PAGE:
The 11 Truths About Hypnosis

As a MindCoach and Hypnotherapist, I understand that you may have some misconceptions about hypnosis. Here are 11 very interesting and important truths about hypnotherapy to help alleviate any misconceptions.

 

“Yes! You Can Change Your Mind!”

I want to tackle the biggest single issue that people in business and sales come to see me about … limiting beliefs.

At some stage in your childhood, it’s very likely that you heard someone in authority, such as a parent, family member or teacher make some judgement about you which you took on-board as your truth. It might have been something positive and uplifting such as “one day you’ll be as famous as Ed Hillary” or “yes, you can be a gold medal Olympian” or “I can really see you as ________”.

For most people, unfortunately it’s the opposite; “you’re not [good, smart, bright etc] enough” or “children should be seen and not heard” or “you’ll always be a loser like your [father, brother, uncle etc]”.

And the real tragedy is that these ‘beliefs’, that you took on as your reality as a child, are still driving your life today!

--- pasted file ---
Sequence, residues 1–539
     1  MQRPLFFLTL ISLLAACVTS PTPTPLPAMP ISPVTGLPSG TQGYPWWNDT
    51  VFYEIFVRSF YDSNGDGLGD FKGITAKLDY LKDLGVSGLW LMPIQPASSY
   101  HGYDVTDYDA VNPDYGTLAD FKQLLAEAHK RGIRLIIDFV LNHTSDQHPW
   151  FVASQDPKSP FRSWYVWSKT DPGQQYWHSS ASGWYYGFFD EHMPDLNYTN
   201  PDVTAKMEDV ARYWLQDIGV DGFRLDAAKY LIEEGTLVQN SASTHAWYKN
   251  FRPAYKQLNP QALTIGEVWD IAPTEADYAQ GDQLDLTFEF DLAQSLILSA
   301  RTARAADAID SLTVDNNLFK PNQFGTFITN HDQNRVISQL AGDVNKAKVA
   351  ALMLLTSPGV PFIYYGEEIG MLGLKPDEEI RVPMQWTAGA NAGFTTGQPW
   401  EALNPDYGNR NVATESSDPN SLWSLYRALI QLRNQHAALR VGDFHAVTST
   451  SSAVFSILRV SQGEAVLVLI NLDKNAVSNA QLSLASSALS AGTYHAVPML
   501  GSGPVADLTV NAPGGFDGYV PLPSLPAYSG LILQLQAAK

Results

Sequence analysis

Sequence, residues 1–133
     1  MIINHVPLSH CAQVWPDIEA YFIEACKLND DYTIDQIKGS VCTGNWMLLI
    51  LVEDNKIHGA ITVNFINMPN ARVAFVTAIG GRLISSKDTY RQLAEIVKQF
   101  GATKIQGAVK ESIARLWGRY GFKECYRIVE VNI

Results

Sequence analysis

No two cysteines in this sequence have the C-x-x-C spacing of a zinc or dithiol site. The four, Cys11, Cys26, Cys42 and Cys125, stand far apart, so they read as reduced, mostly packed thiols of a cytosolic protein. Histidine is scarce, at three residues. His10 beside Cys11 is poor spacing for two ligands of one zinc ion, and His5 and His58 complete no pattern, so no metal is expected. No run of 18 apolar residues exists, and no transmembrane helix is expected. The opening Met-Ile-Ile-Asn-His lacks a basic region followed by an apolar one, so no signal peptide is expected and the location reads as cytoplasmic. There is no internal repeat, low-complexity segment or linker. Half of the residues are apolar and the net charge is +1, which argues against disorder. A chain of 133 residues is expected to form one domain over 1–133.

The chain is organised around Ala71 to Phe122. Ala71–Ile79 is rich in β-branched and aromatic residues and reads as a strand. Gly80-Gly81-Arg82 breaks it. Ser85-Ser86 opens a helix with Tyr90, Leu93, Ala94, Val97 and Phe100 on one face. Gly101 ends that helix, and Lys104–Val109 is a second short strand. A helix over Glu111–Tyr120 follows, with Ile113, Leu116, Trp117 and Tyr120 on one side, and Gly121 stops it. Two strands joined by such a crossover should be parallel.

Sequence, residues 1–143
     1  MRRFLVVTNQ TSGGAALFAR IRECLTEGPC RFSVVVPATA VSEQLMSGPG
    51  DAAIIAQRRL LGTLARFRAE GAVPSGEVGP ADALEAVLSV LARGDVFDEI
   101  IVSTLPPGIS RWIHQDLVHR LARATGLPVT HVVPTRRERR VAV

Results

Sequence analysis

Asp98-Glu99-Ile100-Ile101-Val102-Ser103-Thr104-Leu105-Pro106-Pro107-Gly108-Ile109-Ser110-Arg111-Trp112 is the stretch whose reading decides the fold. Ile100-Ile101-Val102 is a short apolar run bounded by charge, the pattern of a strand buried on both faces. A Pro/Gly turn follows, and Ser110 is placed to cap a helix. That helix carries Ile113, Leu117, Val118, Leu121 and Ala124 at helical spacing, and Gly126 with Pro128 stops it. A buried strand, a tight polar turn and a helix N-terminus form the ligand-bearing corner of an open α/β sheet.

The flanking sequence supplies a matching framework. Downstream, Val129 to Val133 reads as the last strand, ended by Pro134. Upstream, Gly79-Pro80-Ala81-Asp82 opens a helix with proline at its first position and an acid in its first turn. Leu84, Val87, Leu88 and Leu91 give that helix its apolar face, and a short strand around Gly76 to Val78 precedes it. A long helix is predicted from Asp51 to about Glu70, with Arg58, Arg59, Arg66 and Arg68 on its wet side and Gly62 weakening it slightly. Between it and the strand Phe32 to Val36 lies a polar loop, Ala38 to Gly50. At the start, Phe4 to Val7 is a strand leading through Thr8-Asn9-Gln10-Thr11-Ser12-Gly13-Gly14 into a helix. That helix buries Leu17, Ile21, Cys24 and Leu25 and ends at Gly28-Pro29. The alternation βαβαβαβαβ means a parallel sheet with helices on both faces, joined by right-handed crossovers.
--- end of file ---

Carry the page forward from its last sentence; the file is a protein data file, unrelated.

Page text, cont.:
According to the Oxford Dictionary, a ‘belief’ is:

 “Something one accepts as true or real; a firmly held opinion, especially one without proof.”

One of my clients described it as ‘living life with the hand break brake on’. Knowing something is holding you back but not knowing what. And more importantly, not knowing how to eliminate it.

One of my favourite movies is the 1997 two time Oscar winner “Good Will Hunting”, starring Matt Damon and Robin Williams (did you know that the script was written by Matt Damon and Ben Affleck?).

In the movie, Robin Williams plays the part of a psychologist and his client is a troubled young man, Will Hunting, played by Damon. Will has had a very abusive childhood, which hurt him mentally to a point where he can no longer let anyone close to him, aside from his best friend (played by Ben Affleck).  One of the breakthrough moments is when the psychologist tells Will that ‘it’s not your fault’.